Thursday, August 30, 2007

Movies You Can Watch Over and Over

Over at Dean's World they're discussing movies you can watch over and over again. Among several I could list, here are trailers for two of my favorites:

The Matrix:  If I had to name a single favorite movie of mine, this could well be it. I have watched it dozens of times.

"The Matrix is everywhere, it is all around us. Even now, in this very room. You can see it when you look out your window, or when you turn on your television. You can feel it when you go to work... when you go to church... when you pay your taxes. It is the world that has been pulled over your eyes to blind you from the truth."

Kill Bill, Vol. I:  Again, I've watched this movie so many times I've lost count. Especially the wondrously surreal sword fight scene. Uma Thurman against, oh, about 80 opponents at once. Amazing. Just amazing.

Not Kill Bill, Vol. II: that one, I find watchable but not especially rewatchable. But Vol. I really is a work of wonder.


Wednesday, August 29, 2007

As Summer Draws to a Close

Here we are, coming up on the end of August. By my calendration, summer ends either with the end of August, or with Labor Day weekend. So I gear up once again for the faster and busier season of the fall...

I've lived with this rhythm, summer slower and the rest of the year faster, for most of my life. Because, you know, I've spent most of my life either in various school settings or in various church settings. In either case, things slow down in the summer, then speed back up again for the fall.

As it now stands, I'm gearing up for the rapidly approaching Missionfest, and then the beginning of Confirmation classes, and so it goes.

I was going to read some books this summer; and maybe I did, though don't ask me to name any titles; but I certainly didn't read as many books as I'd been planning. I was going to sort through two large closets of boxes full of old papers, but that's become something of a joke, every summer I say I'm going to do it and every summer it never happens. I was going to relax this summer... well, yes, I did relax.

Seems to me life is best when there's a rhythm to it. Slower in the summer, faster the rest of the year. So I gear up for the coming of the fall season and the fall schedule...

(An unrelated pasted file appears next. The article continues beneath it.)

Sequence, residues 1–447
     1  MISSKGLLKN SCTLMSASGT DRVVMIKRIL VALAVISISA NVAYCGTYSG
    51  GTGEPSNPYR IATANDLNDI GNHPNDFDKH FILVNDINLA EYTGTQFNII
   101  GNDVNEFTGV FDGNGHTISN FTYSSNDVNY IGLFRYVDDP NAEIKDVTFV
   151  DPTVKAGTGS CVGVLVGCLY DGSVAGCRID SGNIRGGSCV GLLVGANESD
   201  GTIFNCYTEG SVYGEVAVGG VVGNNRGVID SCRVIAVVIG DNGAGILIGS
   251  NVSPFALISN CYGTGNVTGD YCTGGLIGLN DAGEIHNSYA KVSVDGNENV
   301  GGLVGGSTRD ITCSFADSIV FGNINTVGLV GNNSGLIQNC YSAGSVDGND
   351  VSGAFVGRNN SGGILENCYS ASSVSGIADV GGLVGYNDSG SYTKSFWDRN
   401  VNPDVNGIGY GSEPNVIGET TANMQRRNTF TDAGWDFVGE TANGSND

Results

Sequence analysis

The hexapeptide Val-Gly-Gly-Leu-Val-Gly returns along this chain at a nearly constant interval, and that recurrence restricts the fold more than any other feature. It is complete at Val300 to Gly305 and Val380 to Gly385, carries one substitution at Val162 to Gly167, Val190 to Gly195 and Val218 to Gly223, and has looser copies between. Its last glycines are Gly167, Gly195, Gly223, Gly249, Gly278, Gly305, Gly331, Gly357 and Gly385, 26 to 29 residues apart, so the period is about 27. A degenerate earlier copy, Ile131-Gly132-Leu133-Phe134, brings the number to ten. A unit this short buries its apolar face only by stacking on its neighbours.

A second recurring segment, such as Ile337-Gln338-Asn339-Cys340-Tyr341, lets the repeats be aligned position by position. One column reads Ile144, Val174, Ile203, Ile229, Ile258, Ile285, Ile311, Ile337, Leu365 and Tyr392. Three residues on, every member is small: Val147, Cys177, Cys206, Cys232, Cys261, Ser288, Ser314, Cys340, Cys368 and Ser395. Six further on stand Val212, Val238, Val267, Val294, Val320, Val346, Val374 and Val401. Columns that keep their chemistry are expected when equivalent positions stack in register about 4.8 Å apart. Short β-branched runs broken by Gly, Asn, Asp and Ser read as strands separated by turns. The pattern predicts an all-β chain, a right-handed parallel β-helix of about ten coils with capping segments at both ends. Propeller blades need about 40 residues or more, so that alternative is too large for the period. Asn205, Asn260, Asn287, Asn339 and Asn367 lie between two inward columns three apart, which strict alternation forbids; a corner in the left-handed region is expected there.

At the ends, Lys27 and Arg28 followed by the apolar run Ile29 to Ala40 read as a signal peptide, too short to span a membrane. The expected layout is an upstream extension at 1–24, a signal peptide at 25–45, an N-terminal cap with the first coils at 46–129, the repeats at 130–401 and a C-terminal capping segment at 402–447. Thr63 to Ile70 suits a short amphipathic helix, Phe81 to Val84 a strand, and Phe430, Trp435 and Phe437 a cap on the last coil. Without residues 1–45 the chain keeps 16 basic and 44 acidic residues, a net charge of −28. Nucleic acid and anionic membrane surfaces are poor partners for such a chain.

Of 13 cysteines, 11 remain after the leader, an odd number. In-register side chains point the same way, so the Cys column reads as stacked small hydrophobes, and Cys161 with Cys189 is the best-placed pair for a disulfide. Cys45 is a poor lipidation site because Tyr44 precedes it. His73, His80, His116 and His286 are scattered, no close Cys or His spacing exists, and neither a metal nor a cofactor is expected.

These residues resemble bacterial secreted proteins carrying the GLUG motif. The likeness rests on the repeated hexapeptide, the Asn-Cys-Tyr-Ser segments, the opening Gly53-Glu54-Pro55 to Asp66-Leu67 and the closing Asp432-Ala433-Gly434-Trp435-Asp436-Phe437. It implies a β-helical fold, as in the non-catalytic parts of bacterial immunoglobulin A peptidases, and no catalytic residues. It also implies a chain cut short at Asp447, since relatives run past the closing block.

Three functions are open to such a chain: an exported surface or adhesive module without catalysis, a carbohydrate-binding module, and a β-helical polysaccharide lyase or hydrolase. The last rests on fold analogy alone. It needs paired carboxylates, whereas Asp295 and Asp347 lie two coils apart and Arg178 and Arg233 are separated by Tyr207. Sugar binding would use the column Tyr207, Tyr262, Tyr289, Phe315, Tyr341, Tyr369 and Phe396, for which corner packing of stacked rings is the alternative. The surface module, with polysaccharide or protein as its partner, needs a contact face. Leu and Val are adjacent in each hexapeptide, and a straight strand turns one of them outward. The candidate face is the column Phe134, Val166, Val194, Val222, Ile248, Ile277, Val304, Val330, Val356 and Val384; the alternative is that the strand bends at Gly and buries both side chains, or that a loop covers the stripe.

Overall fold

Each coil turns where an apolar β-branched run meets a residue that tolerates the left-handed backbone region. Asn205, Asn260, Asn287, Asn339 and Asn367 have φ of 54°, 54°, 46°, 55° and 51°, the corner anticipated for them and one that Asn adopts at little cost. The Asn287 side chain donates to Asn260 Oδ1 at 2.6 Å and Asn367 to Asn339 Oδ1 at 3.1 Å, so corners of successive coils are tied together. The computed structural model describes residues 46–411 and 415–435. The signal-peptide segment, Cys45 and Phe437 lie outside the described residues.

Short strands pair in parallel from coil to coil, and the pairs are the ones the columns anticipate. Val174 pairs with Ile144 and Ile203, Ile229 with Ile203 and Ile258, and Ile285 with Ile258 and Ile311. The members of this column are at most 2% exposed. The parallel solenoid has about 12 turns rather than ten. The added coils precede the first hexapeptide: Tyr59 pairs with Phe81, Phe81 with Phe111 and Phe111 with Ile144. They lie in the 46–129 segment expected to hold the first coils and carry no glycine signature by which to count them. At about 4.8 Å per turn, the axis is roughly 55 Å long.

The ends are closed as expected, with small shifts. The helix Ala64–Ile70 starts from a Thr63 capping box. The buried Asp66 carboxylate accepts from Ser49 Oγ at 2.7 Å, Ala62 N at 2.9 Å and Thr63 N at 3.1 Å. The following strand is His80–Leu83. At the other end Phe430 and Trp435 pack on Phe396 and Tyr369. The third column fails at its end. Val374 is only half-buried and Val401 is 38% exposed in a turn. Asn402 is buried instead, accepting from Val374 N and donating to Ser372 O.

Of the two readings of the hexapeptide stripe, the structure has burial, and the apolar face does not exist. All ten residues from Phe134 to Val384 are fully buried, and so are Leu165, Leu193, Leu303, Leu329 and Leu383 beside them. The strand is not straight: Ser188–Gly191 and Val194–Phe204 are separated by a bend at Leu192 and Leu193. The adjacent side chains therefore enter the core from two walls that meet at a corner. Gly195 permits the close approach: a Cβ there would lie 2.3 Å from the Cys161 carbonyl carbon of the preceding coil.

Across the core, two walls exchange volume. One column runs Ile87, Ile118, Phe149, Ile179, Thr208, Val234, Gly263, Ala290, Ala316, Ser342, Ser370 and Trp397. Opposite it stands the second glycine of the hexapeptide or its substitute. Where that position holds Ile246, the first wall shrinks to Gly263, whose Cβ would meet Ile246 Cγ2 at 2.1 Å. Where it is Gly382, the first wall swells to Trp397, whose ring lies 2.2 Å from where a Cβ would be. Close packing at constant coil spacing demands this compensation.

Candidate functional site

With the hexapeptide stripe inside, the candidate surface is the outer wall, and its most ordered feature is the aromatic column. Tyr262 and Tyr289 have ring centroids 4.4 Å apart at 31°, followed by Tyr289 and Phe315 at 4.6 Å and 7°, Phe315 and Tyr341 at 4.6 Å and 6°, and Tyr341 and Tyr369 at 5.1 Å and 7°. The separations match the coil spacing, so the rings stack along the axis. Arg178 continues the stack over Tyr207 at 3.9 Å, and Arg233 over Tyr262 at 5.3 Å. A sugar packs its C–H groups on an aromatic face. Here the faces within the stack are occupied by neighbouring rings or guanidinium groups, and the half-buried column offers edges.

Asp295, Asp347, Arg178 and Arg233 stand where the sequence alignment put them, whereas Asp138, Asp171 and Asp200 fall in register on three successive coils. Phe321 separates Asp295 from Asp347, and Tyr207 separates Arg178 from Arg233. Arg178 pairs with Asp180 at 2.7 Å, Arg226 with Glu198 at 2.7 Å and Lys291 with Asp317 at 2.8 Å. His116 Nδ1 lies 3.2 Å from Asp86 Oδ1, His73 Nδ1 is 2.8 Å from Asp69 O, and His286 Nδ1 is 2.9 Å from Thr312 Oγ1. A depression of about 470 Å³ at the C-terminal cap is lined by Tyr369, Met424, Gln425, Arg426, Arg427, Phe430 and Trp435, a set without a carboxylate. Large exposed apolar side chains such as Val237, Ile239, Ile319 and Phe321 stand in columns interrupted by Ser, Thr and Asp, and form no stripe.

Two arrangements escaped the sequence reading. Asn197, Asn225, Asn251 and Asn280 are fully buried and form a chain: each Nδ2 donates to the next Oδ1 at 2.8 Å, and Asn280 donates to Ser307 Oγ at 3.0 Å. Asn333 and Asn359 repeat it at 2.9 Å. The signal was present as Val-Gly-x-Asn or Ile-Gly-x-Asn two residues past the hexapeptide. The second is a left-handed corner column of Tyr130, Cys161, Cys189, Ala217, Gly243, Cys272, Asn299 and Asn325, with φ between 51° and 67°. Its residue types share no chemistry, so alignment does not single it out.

Rain, Rain, Go Away

Yes, more rain in what has long since become the wettest month on record. Yes, more flooding in areas round about. Yes, more water in my basement, several inches deep.

Tuesday, August 28, 2007


In first grade they taught us to print. Then in second grade they taught us cursive handwriting. I caught on, though from the start my handwriting was messy. Also I didn't much care for all the loops and whirls in the standard style of handwriting we learned in school. Writing all those loop-de-loops drove me crazy.

So, starting in fifth grade, I began experimenting. Designing my own style of handwriting. Lose those loops. Try out different styles of letters and ligatures. It took me a while, and then it took me a while longer to become adept at writing in a strange new way. But by the time I was in seventh grade or so, I was very much at ease with writing in a self-designed style which bore little resemblance to any cursive mode taught in school.

A handwriting of my own. It mutated over the years. For a time in my teens, very messy. Here and there, a letter changed: I can still remember the day, late August or early September of 1982, when I changed the way I wrote capital L.

What emerged by age 20 or so was a style of handwriting that looks something like the chrome lettering you see on automobiles. Still somewhat messy, what do you expect from a lefty? Two different ways of writing small f, depending on context. Two different styles of small x. At least five or six radically different ways of writing small t. "O" in "of" written unlike "o" in any other word, clockwise instead of counterclockwise.

I see other peoples' handwriting, sometimes they depart more or less from school-taught handwriting. But rarely do I see anyone who has departed as far, or as deliberately, as I. Part and parcel of living in a self-designed world of my own.

Oddly enough, I continued to use the old school-taught writing alongside my own style of handwriting, on into my mid 20s at least. Often wrote in the school-taught way when I was writing school assignments, or sometimes for others to read. But it's been years, and I doubt I'm fluent in the school-taught handwriting any longer. It's my own style of handwriting or nothing nowadays. When I'm not using the keyboard, which has become ubiquitous in the lives of many of us as never we once would have dreamed.